Busted for a crime? Auditor wants your public service employer to know
State Auditor Troy Kelley says the program would close loopholes in the state’s background check system since employers would automatically be notified if an employee is arrested for a new crime.
Right now various state departments, child care centers, school districts and police departments are required to do an initial background check at the hiring stage. follow up background checks are required years later. Kelley says Washington is falling behind because there is no automatic notification if a person commits a criminal offense after passing a background check. Twenty nine other states already have a rap back service in place.
The recommendation stems from last year’s aduit that found more than 20 sex offenders were either living at state regulated homes close to children or living in homes without notifying the state. The audit also discovered a sex offender who was working at Garfield High School as a janitor for nearly a decade without anyone knowing about it.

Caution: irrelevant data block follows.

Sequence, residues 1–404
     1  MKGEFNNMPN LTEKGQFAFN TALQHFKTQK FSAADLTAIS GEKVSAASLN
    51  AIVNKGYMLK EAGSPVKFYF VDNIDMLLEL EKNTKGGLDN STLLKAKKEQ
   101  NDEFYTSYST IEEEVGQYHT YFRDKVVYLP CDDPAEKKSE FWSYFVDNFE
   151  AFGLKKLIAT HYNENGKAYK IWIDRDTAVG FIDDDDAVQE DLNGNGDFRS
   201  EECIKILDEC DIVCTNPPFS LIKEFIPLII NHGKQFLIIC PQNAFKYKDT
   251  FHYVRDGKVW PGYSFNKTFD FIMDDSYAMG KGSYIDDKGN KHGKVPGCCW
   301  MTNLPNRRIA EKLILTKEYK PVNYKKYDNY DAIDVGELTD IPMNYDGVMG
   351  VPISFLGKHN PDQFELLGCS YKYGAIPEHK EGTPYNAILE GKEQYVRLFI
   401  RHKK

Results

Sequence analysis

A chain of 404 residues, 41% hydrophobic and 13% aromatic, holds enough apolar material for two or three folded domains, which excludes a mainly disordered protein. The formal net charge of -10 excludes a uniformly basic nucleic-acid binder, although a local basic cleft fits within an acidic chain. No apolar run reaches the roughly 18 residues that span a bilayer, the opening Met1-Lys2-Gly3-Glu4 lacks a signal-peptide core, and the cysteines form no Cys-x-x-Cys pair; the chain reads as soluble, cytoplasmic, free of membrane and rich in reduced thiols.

The man was hired in 2000 but was convicted of voyeurism two years later.
The state also compared background data and criminal history records of 800,000 applicants who were required to get background checks between 2005 to 2012. They found if hired about 500 people would have triggered a rap back notification resulting in a new investigation.
The report states that groups opposed to the program have concerns over privacy. The program requires fingerprints be stored to match future offenses. State law would have to be changed to allow fingerprint checks to be stored. More on the story at Q13 Fox News at 10.